I have 10 blogs behind henshall.com. There are four that are sort of active and public. The others are experiments and development blogs for other projects. Perhaps one would call them a live template library or a demonstration place. They are my repositories for experiments. I'm not a developer although I do know how MT works and what it can do.

    Separately I've executed a couple of multi-author blogs. Those companies could possibly exist within the blog number restriction but not on the authors. 20 authors is nothing. And who in their right mind would set a pricing structure that fails to offer everyone in a company a blog. Note, current MT plug-ins enable you to create additional index templates for sub-blogs by author.

    I don't mind a fee. However, limiting blog by number limits the creativity and number of applications that they can be put to. This is poor economics. If blogs are scarce because they cost money then people will be cautious about setting them up. If authors can't freely experiment whether public or private then the product and the applications will also remain static. This pricing structure will kill an innovative medium. It's not the way I want to let blogs loose in my company. I also don't want a million blogs without purpose.

    A possible simple solution is to set a minimum fee and grant a minimum number of authors. I'd guess about $10 per author is about the right price. No limit to the number of blogs. Thus you probably start at $50 for up to five authors. It's $100 at 10 etc. This means that you will have to sell it to 60 authors to get the $599 they are looking for. Maybe then they will actually integrate "authors" into the database functionality!

    Further limiting blogs to a number is stupid. In a company many will use the same templates. Thus there is no real investment in adding additional blogs. Where they want different looks and feel or changed funtionality then a new custom blog is designed. New template costs time and money although they are relatively easy to set up.

    If I had a research company even the top license for 20 authors wouldn't make sense. It's not the money it the restrictions on blogs and authors. Blogs that involve customers may run for the life of a project. After that they are effectively retired. They may run into an internally syndicated list and thus remain searchable. A new project starts. How long before I'm through 15? And what do I do with my customers in this case? Do they now cost me money to enable them to blog on my platform?

    Finally nothing suggests there is anything really new here. I'm even more bothered now about comment spam. I have to deal with it daily. That apparently is a problem primarily for MT bloggers.

    So bloggers it is probably time to move on. I want a blog-wiki for external communications and a wiki-blog for my internal stuff. My read is MT just created an enormous opportunity for some competitors.

    MT confess you made a mistake. Listen to those that would like to remain customers rather than thinking you should be Oracle.

    May 17, 2004

    VoIP Future

    Jeff Pulver picks up on a theme that I'm now investing a lot of time in. I've bolded his statement where it counts and resonates from my perspective.

    The time has come for the IP Communications Industry to start to move beyond the HYPE of VoIP and start to deliver some of the services which are only possible because of the advent of IP based communications. Some of these services start to become very visible only when we start to blur the line between instant messaging, presence, and voice communication. Throw in things like blogging, social networking and gaming and things just start to get interesting. (my bold)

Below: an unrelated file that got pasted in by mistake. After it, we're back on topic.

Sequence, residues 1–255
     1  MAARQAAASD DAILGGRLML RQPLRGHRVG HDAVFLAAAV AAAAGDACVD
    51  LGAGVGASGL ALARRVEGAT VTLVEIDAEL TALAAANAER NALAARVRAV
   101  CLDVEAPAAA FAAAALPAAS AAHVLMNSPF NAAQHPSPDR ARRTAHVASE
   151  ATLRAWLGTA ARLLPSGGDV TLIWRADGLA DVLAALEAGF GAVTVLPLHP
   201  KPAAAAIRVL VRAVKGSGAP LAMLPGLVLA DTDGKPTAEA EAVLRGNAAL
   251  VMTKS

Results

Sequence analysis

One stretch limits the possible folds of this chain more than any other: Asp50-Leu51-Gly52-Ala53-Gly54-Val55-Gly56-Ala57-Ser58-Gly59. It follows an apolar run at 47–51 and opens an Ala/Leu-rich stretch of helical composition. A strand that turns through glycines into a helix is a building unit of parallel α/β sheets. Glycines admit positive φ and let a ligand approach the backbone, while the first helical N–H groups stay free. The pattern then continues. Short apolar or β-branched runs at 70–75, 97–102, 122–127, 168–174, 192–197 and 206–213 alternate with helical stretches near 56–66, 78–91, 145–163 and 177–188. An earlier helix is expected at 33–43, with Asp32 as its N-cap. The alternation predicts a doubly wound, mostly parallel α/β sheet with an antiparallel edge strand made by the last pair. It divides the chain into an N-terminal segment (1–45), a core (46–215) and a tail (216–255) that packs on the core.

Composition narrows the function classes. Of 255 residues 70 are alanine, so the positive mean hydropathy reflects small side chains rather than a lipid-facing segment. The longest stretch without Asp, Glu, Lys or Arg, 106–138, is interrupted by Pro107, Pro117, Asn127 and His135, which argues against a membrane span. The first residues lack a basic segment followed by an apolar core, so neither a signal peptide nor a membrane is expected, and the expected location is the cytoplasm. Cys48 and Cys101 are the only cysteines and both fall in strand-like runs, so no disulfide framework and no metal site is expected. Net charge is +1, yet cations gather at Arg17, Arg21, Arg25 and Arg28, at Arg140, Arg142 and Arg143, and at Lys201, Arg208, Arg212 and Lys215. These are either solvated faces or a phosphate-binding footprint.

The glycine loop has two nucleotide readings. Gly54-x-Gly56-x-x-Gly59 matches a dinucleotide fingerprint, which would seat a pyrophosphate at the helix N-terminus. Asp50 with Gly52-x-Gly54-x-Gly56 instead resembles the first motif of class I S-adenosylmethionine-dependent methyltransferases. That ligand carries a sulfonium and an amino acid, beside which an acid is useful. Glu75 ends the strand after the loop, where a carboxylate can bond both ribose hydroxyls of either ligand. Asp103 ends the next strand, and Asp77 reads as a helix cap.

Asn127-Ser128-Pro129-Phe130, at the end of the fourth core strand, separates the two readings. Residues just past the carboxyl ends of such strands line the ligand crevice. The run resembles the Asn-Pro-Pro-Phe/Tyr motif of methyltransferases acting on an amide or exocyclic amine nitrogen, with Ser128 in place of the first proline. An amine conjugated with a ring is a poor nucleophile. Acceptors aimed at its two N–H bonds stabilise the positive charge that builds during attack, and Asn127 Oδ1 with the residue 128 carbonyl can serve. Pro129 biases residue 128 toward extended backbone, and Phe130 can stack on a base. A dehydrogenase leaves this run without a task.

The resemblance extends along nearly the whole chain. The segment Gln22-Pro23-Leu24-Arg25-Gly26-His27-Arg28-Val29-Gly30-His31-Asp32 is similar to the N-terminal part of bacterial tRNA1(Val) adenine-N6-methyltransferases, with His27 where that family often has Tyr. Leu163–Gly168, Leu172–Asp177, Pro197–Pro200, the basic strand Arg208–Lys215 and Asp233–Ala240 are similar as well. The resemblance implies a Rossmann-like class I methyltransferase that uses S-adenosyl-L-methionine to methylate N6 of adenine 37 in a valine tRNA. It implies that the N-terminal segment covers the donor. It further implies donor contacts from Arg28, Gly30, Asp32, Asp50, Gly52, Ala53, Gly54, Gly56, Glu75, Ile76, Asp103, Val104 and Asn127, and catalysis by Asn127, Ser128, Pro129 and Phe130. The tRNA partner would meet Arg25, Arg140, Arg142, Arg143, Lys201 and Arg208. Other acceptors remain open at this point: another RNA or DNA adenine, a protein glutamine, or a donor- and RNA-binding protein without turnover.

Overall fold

The advent of a technology like SIP means that for the first time in the 127 year history of telephony, the same protocol can be used on an end-to-end basis between customers on two ends of a telephone call. This represents a total radical change in the engineering of communication networks and ways, which value added services, can be and will be introduced in the near future.
    I look forward to reading about the next wave of companies, which truly will help redefine the future of the communications industry. My hope is that such services start to arrive in 2004.
    The Jeff Pulver Blog

    May 18, 2004

    Web Conferencing Opportunities

    This little clip out of this weeks Economist highlights the changing nature of conferencing. My feeling is the figures are low, tracing to corporate behaviors and traditional market definitions. The number of new products emerging in this space suggest many more see opportunities.

    Then the number of informal and impromptu conferences I'm now finding myself in has increased dramatically and that traces almost entirely to free services (like Skype) that make it easier than the paid services to run small sessions of 3 to 4 people even on a whim.


    Growing fastest is web conferencing, which usually combines a phone-based audio conference with a visual display (such as a slide presentation or software demonstration) delivered via a web browser. It grew by 40% last year, and hybrid web-audio conferences are now starting to displace audio-only conference calls. There is no need for fancy equipment, since most people already have a phone and a PC on their desks.

    Economist.com | Virtual meetings

    5 Million Skype Softphones?

    I was doing a little Skyping today trying to get a line on the impending roll-out of the PSTN interconnect which for all I know was announced at VON Canada today.

    Whenever Skype launches their PSTN interconnect which I assume will use a prepaid card format and proprietary interconnect agreement (for they have no advantage going to SIP directly) somethings will happen...

    Five Million Softphones will be launched. Has anyone else ever achieved that sort of number? They are claiming 5 million registered users now. If their interconnect deal is sweet they will provide some cents worth of free calling with each upgrade. Then Skype will infect many more households. I'm calling you on Skype on my dime.... cost us nothing if you start Skyping....